‘Biggest-Ever’ Fleet Of F-35 Fighters Conduct War Games In China’s Backyard; Beijing Responds With Massive ‘Invasion’ Drills

China sent 39 warplanes into Taiwan’s air defense identification zone (ADIZ) on January 23, the largest such intrusion this year. Experts have termed it as an answer to US’ provocations in the region.

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The development was reported a day after the US and Japanese navies staged a massive show of strength in the Philippine Sea. A total of 26 F-35 Lightning II Joint Strike Fighters, two American aircraft carriers, two amphibious ships are among the military assets that were deployed for the war games.  

This was the largest exercise featuring aviation-capable ships since October. The Philippine Sea lies east of Taiwan, between the self-governing island and the US territory of Guam and the Northern Mariana Islands in the Pacific Ocean. However, the US Navy made no mention of how close the fleet was to Taiwan.

With a total of 26 aircraft, the exercise was also the largest gathering of US naval F-35s to date. The participating aircraft carriers — Carl Vinson and Abraham Lincoln — carried 10 Navy F-35C fighters each while there were six F-35B short-takeoff, vertical-landing (STOVL) fighters were on the amphibious ship, USS American.   

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Vice Adm. Karl Thomas, commander of the US 7th Fleet based in Japan said, “Freedom at its finest! Nothing reaffirms our commitment to a #FreeandOpenIndoPacific like 2 Carrier Strike Groups, 2 Amphibious Ready Groups sailing alongside our close friends from the Japan Maritime Self Defense Force.” 

A US Navy statement said the mass of warships was “conducting training to preserve and protect a free and open Indo-Pacific region.”

The Financial Times reported that China has established a regular naval presence close to Japan’s Nansei Islands and eastern Taiwan. The communist nation sees the democratically governed island as a breakaway province that it wants to annex, if necessary, by force. 

The latest muscle-flexing by the American navy in China’s backyard seems to have been aimed at sending a clear message to the PLA that the US and its allies would throw their weight behind Taiwan if it decides to launch a strike. Any potential conflict between the US and China would almost likely involve Japan as Tokyo indicated earlier.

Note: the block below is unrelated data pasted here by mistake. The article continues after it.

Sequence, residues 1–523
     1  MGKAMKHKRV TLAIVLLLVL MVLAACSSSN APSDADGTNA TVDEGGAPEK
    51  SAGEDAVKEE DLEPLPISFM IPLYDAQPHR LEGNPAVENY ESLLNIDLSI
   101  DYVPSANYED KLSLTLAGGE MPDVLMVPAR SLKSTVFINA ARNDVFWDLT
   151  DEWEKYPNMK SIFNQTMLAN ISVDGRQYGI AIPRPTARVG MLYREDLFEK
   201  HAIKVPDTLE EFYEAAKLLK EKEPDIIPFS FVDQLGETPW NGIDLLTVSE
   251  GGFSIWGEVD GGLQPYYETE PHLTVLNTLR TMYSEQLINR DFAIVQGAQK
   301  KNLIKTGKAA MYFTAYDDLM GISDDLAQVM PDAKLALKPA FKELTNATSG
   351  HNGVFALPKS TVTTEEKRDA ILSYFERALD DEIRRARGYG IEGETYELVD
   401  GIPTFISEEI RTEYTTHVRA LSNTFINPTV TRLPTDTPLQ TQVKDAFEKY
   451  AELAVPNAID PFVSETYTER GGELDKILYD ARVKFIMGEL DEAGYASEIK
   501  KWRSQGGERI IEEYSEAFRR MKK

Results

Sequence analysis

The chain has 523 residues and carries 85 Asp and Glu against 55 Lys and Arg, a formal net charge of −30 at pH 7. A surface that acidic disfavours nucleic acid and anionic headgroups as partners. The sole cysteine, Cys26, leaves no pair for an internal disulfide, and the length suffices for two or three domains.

Aircraft assigned to Carrier Air Wing (CVW) 2 and CVW 9 fly over the Philippine Sea on Jan. 22, 2022. Operating as part of U.S. Pacific Fleet, units assigned to Carl Vinson and Abraham Lincoln Carrier Strike Groups, Essex and America Amphibious Ready Groups, and Japan Maritime Self-Defense Force. US Navy Photo

China’s Aerial Incursion 

In recent years, the PLA has increased the frequency of its aerial intrusions, claiming them to be part of military exercises. Nearly 150 planes were dispatched over four days in October 2021, shattering previous records. 

The Taiwanese Defense Ministry said in a statement on January 23, 2022, that 24 J-16 fighter planes, 10 J-10 fighter jets, two Y-9 transport aircraft, two Y-8 anti-submarine warning aircraft, and one nuclear-capable H-6 bomber were involved in the latest incursion.

File Image: J-16D Fighters

Taipei claimed it had scrambled fighter jets to chase away the Chinese jets. It gave radio warnings to PLA pilots and deployed missile defense systems to keep an eye on their activity. 

The PLA’s planes went close to the contested Pratas Islands and the median line, an unofficial border that runs the length of the Strait between Taiwan’s main island and China. China seemed to toss aside a long-standing mutual understanding on the marker in 2020 when a foreign ministry official stated there was no such thing. 

A Taiwan Ministry of Defence graphic shows where Chinese warplanes flew on Sunday, January 23. Credit: Taiwan Ministry of Defence

Chinese warplanes’ incursions occur days after Japanese Prime Minister Fumio Kishida and US President Joe Biden met virtually and agreed to “push back” against China’s aggressive measures in the region. Tokyo and Washington are also said to be working on formalizing a joint operations plan between their militaries to prepare for an emergency over Taiwan. 

Collin Koh, Research Fellow at the S. Rajaratnam School of International Studies in Singapore, told CNN, “While the Chinese incursions Sunday were likely a reaction to the large naval presence Tokyo and Washington were putting in the area, they also served another purpose.” He claimed that this is part of a larger Chinese campaign aimed at weakening Taiwan’s will and ability to continue fighting.

“The latest major flyby, while obviously targeted at the allied show of force in the Philippine Sea, will definitely have some intended reinforcement effect on the ongoing debates in Taiwan,” Koh said.

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Taiwan maintains its sovereignty as a self-governing democracy. In response to Beijing’s threats, the country is beefing up its military through US aid and arms sales, although it faces hurdles.

It halted combat training for its F-16 fleet earlier this month after a newly upgraded model fell into the sea. PLA warplane incursions are said to be placing a lot of strain on the island’s planes and pilots.